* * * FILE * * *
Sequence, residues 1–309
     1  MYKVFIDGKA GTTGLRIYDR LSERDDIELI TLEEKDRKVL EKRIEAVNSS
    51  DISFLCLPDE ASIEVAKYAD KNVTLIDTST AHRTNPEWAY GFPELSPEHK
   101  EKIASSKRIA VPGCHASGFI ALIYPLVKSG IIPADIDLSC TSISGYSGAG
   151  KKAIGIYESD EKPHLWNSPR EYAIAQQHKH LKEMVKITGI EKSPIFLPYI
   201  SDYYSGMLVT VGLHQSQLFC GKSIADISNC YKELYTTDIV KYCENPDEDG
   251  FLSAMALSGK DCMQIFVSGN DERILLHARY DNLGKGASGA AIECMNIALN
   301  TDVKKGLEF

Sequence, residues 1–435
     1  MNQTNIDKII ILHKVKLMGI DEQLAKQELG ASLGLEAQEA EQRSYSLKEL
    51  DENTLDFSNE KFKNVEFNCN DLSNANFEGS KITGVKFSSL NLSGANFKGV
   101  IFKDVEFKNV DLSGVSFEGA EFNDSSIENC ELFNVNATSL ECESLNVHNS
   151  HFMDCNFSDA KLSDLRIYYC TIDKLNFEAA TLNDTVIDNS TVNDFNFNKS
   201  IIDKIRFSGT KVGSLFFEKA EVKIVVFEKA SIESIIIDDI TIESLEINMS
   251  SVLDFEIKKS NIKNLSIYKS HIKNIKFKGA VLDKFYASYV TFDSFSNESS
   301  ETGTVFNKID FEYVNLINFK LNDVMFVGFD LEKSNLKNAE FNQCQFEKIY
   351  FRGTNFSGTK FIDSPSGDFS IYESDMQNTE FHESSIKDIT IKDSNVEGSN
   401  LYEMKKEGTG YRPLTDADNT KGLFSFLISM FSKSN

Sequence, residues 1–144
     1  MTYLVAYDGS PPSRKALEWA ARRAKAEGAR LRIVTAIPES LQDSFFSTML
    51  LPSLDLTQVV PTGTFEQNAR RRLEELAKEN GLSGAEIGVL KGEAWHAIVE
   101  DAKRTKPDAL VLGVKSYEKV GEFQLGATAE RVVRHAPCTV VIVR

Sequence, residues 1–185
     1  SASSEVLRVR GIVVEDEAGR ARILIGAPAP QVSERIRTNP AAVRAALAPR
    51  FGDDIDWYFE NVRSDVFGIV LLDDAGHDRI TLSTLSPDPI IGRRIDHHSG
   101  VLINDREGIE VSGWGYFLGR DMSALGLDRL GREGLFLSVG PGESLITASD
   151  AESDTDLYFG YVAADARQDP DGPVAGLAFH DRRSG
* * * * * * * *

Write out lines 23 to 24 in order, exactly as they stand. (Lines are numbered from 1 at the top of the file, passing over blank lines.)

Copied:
Sequence, residues 1–185
     1  SASSEVLRVR GIVVEDEAGR ARILIGAPAP QVSERIRTNP AAVRAALAPR